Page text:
Remove coolant: Empty the coolant from the system prior to removing the cylinder head.

Remove radiator and fan: Remove the fan to gain access to the front of the engine. Also, remove and flush the radiator, and replace the hoses.

Remove drive belts: You will need to remove the belts in order to gain access to the water pump.

Remove water pump: You should remove the water pump in order to clean it out or replace it with an upgraded unit.

Spark plugs: Remove the ignition coils from the head, and remove the spark plugs.

Valve cover gasket: Remove the valve cover to access the head bolts.

Camshaft removal: It is possible to replace the head gasket without removing the camshafts. However, you should have the head resurfaced by a machine shop, and this process requires that you remove the camshafts.

Intake manifold removal: The intake manifold covers a lot of items in the engine compartment and is attached to the cylinder head, so it needs to be removed.

VANOS installation/cam timing: To remove the cylinder head, you must first remove the VANOS unit. To reinstall the head, you need to retime the camshafts and properly adjust the VANOS unit.

Cam sensor replacement: Remove this sensor from the cylinder head and have a new one handy.

Crankshaft sensor replacement: This sensor is only accessible with the intake manifold off, so it might be a good time to replace it.

Tensioner update: Remove the lower chain tensioner to loosen the chain on the camshafts and upgrade to the new style if applicable.

VANOS oil line replacement: Disconnect the VANOS oil line prior to removal of the head.

Machine shop 101: Send your cylinder head out to a machine shop that will resurface it and check for cracks.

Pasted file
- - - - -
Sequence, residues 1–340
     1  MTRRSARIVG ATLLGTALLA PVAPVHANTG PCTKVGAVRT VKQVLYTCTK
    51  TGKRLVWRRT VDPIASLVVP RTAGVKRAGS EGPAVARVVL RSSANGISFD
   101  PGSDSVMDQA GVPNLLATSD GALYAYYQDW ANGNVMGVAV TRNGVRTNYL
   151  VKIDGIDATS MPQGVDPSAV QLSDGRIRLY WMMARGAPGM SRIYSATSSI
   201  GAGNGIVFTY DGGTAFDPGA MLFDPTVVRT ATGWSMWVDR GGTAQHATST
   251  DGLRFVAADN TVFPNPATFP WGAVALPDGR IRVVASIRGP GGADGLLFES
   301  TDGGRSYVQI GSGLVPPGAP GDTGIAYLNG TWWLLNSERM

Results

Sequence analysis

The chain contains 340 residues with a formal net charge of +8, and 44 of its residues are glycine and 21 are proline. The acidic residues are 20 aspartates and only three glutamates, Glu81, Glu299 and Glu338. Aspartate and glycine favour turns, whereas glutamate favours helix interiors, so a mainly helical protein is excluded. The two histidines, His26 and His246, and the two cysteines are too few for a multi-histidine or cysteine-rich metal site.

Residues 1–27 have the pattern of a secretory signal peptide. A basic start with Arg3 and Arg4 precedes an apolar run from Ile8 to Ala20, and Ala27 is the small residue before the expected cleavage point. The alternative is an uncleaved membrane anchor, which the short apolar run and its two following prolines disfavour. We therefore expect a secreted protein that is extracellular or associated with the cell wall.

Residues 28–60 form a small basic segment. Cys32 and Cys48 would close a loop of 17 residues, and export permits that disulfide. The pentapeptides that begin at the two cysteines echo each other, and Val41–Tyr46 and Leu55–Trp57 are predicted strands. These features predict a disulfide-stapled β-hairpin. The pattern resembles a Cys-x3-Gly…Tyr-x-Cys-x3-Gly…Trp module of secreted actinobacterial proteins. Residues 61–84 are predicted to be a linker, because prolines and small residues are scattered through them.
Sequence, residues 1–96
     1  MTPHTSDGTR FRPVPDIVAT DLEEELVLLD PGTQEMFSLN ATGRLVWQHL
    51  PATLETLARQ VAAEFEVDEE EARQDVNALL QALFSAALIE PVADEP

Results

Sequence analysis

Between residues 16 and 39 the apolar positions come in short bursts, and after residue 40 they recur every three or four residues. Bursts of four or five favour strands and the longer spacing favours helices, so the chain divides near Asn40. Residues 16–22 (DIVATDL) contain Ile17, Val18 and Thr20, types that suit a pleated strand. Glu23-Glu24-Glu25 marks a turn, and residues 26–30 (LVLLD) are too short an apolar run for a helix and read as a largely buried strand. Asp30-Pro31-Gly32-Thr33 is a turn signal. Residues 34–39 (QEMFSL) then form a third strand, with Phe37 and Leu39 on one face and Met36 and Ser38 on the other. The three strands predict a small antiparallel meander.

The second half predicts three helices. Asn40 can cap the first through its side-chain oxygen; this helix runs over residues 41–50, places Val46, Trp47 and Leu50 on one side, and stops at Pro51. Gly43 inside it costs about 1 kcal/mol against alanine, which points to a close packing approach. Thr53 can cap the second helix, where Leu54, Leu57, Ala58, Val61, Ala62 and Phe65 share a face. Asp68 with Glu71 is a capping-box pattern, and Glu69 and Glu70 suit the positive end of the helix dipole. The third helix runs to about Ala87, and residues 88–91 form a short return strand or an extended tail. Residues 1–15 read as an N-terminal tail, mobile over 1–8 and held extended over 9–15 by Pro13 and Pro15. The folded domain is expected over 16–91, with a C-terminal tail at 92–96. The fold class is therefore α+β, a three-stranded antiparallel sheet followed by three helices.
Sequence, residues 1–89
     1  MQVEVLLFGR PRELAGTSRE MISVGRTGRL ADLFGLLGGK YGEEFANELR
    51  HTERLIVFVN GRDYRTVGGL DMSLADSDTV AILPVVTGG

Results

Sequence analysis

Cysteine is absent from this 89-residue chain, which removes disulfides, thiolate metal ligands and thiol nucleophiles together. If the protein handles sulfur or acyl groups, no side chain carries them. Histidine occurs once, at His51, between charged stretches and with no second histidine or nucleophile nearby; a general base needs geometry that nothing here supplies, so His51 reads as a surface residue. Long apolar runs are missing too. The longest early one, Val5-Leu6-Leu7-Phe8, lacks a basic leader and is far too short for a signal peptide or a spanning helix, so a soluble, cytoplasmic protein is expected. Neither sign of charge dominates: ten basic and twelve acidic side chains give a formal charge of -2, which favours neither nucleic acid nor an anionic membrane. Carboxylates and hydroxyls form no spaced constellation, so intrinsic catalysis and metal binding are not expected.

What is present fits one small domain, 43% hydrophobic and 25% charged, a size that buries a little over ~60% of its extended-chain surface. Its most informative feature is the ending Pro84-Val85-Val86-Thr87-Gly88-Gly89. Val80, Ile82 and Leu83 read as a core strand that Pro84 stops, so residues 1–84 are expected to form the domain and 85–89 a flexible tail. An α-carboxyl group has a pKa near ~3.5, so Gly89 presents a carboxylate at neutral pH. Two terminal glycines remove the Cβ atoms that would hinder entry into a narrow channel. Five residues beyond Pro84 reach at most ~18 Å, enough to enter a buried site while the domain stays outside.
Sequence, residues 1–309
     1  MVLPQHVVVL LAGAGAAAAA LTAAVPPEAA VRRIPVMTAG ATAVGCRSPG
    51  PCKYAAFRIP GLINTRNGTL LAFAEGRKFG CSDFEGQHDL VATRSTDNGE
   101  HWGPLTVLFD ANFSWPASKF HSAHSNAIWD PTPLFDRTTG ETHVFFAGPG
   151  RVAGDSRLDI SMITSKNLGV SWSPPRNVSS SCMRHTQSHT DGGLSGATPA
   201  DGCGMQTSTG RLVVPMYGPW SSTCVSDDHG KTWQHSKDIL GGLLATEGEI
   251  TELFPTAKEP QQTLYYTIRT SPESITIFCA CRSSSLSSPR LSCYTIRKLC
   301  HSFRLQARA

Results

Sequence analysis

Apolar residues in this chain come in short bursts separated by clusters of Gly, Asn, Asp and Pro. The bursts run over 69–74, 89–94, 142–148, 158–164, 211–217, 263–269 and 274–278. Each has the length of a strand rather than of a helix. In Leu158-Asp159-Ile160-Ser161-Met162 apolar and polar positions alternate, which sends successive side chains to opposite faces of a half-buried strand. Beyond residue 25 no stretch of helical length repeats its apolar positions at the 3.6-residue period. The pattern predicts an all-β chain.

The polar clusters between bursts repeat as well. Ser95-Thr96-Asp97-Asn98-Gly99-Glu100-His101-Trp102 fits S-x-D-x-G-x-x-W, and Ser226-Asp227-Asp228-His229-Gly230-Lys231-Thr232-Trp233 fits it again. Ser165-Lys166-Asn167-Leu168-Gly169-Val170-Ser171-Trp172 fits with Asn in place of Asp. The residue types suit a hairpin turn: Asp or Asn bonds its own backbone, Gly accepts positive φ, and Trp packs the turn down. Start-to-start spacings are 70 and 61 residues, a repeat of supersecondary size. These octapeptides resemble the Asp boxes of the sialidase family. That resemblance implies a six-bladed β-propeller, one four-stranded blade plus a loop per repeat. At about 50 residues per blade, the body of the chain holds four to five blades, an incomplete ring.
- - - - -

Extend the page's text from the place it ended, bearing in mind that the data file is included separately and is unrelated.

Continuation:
The remainder of this project is presented step-by-step in the accompanying photos and captions.

If you would like to see more technical articles like this one, please continue to support Pelican Parts with all your parts needs. If you like what you see here, then please visit our online BMW catalog and help support the collection and creating of new and informative technical articles like this one. Your continued support directly affects the expansion and existence of this site and technical articles like this one. As always, if you have any questions or comments about this helpful article, please drop us a line.

CLICK HERE FOR REPAIR PARTS FOR THIS ARTICLE: 

CLICK HERE FOR BMW E30 PARTS:

CLICK HERE FOR BMW E36 PARTS:

Figure
Figure 1

If you see this kind of mess with your car, you know you aÂÂÂÂÂÂÂÂÂÂÂÂÂ're in trouble. This is a perfect example of oil mixed with coolant due to a head gasket leak. The light-colored milky texture of contaminated oil is a sure sign of head gasket problems. For a quick analysis, remove the oil filler cap and compare it to the photo (upper left). Also take note if steam comes out of your tailpipe. Some condensation is normal upon startup, but if it continues well after the car is warmed up, you have a problem. Of course, the first clue is that your low coolant warning lamp will turn on, even after filling the reservoir multiple times.

Figure
Figure 2